We are in uncharted territory at the moment, but the advice to landlords and tenants alike must be to try and be as prepared as possible for further disruption by checking the terms of leases, lease agreements and any insurance policies, and speaking with their landlord or tenants to understand what business continuity plans are in place, and to try and anticipate whether the other might seek to re-negotiate, terminate or suspend existing leases/agreements.
Rent Payment – increasing numbers of tenants will want to keep cash in their business, and are likely to want to discuss and agree rental holidays or concessions. It is important that any such agreements are properly documented, setting our clearly what has been agreed, whether and when any shortfall of rent will be paid, if at all, and making it clear that the arrangement in no way permanently alters the terms of the lease.
A tenant who is in financial difficulties undoubtedly benefits from paying a reduced rent. From the landlord’s perspective, although such a request is not welcome, it may well be that the Landlord will agree to the Tenant’s request because it is in the Landlord’s better medium to long term interest to do so. Insisting on payment of the rent in full may simply drive the Tenant into insolvency, which will mean loss of rent, potential disclaimer of the lease, the need to find a new tenant (to whom substantial incentives may have to be offered), and the prospect of having to pay empty business rates for the property if a new tenant cannot be found quickly.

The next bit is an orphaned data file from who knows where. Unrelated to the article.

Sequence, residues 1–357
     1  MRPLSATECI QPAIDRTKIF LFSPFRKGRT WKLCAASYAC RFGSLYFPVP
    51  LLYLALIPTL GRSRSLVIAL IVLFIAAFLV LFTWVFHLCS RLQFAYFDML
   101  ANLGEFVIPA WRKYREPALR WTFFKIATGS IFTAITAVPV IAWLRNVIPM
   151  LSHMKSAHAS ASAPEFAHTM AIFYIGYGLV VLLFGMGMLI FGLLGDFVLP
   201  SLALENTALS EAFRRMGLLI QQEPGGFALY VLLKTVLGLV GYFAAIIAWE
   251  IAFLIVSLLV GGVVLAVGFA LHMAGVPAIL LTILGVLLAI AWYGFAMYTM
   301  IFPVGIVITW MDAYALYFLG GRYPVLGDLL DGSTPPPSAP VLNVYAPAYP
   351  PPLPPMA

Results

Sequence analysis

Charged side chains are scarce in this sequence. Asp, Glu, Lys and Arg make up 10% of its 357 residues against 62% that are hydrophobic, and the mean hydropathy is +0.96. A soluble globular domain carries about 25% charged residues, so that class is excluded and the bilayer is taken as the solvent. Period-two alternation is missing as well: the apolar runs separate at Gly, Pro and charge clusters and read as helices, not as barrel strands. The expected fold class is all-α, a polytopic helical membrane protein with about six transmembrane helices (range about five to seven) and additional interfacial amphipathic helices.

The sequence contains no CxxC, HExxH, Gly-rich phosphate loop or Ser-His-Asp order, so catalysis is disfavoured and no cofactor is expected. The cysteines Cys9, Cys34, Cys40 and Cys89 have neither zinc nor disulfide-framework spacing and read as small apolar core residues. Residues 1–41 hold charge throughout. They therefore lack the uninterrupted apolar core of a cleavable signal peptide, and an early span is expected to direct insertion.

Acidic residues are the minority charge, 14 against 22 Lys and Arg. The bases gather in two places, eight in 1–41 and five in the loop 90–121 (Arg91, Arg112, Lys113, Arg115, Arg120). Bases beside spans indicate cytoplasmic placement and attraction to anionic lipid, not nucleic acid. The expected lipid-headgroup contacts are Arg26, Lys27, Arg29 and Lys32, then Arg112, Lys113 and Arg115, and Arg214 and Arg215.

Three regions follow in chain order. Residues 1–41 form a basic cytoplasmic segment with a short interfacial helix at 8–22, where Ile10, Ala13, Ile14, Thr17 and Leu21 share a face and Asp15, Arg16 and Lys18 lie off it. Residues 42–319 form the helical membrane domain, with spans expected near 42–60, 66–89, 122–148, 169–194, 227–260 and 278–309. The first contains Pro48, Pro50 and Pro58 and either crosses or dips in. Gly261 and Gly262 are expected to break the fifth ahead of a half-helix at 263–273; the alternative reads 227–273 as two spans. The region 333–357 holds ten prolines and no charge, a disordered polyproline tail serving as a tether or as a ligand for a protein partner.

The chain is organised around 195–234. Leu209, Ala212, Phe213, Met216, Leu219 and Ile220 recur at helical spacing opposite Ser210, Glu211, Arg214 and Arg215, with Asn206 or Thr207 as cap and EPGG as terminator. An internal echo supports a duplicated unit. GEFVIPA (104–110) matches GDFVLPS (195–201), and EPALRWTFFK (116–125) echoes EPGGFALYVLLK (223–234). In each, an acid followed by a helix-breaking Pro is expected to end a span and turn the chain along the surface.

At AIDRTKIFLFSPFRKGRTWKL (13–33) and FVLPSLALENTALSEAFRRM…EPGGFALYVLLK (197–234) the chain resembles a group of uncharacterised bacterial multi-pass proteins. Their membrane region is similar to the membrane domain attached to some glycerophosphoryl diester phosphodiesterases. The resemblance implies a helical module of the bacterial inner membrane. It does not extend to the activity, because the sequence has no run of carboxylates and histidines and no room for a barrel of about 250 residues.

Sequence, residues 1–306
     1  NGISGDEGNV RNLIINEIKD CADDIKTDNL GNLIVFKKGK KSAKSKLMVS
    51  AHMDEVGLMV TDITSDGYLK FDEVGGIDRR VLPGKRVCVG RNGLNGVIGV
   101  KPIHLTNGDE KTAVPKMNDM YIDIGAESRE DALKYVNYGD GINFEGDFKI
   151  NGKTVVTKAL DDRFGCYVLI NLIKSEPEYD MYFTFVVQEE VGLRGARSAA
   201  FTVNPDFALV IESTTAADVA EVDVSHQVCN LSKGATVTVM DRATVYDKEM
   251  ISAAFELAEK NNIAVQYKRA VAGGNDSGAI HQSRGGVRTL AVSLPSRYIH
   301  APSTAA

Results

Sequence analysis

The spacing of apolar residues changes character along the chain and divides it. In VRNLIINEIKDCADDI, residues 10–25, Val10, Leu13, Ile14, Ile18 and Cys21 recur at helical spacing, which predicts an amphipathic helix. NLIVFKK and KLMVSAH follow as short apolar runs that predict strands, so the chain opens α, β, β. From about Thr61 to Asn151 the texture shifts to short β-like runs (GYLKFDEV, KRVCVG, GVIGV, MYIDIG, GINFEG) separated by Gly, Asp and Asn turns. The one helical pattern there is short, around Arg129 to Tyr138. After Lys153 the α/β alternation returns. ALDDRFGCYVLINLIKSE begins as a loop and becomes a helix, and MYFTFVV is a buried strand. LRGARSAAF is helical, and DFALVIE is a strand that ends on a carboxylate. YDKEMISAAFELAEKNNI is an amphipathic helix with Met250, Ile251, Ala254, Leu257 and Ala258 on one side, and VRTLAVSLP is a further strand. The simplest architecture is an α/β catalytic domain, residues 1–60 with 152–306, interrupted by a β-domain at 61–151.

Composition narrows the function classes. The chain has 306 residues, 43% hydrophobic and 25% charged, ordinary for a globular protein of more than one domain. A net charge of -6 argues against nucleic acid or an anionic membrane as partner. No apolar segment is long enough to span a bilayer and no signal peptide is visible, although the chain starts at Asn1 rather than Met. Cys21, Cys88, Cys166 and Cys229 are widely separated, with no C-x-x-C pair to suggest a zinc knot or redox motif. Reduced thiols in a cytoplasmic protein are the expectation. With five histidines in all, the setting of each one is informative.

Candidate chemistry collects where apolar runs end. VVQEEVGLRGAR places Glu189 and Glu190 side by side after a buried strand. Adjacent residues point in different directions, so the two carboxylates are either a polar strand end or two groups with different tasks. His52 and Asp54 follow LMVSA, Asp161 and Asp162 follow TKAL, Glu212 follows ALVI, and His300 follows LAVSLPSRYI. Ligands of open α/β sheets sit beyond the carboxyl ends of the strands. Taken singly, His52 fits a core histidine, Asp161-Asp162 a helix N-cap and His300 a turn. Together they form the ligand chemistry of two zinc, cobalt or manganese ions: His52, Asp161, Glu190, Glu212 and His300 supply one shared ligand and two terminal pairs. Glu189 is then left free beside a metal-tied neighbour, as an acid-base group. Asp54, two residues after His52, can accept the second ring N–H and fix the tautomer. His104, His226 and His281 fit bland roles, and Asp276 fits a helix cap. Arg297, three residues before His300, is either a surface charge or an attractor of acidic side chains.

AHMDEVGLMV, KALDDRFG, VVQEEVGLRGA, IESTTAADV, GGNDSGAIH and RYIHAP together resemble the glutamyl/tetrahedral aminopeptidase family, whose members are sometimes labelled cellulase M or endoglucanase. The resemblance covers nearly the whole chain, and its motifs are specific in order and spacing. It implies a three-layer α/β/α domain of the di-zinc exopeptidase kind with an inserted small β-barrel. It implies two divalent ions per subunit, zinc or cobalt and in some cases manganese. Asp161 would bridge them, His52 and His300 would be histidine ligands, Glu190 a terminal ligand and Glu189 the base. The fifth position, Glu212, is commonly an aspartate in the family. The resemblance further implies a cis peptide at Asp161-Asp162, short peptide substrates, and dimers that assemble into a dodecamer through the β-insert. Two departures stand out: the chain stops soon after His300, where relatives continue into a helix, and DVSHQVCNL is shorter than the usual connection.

If the landlord acquired the property with third party finance, the reduced rental income will mean that the Landlord has less income from which to meet the interest payments on its borrowing. A breach of the interest cover ratio (i.e. the proportion by which rental income has to exceed interest payments) might lead to the loan being called in.
Even if that is not an issue, the Landlord may need the lender’s and/or any superior landlord`s consent before agreeing to accept a reduced rent. The terms of any facility agreement/charge should be checked.
If the tenant has a guarantor, best practice dictates that the guarantor should agree to the concession and sign a copy of the agreement. Although the agreement should not give rise to a formal variation of the lease, the landlord cannot afford to take the risk that the guarantor might successfully argue that the concession was nonetheless effective to release the guarantor from its obligations under the guarantee, or that its liability is capped at the amount of the reduced rent.
Other common lease terms that may need to be considered in response to the virus are set out below, but much will depend upon the precise terms of a particular lease.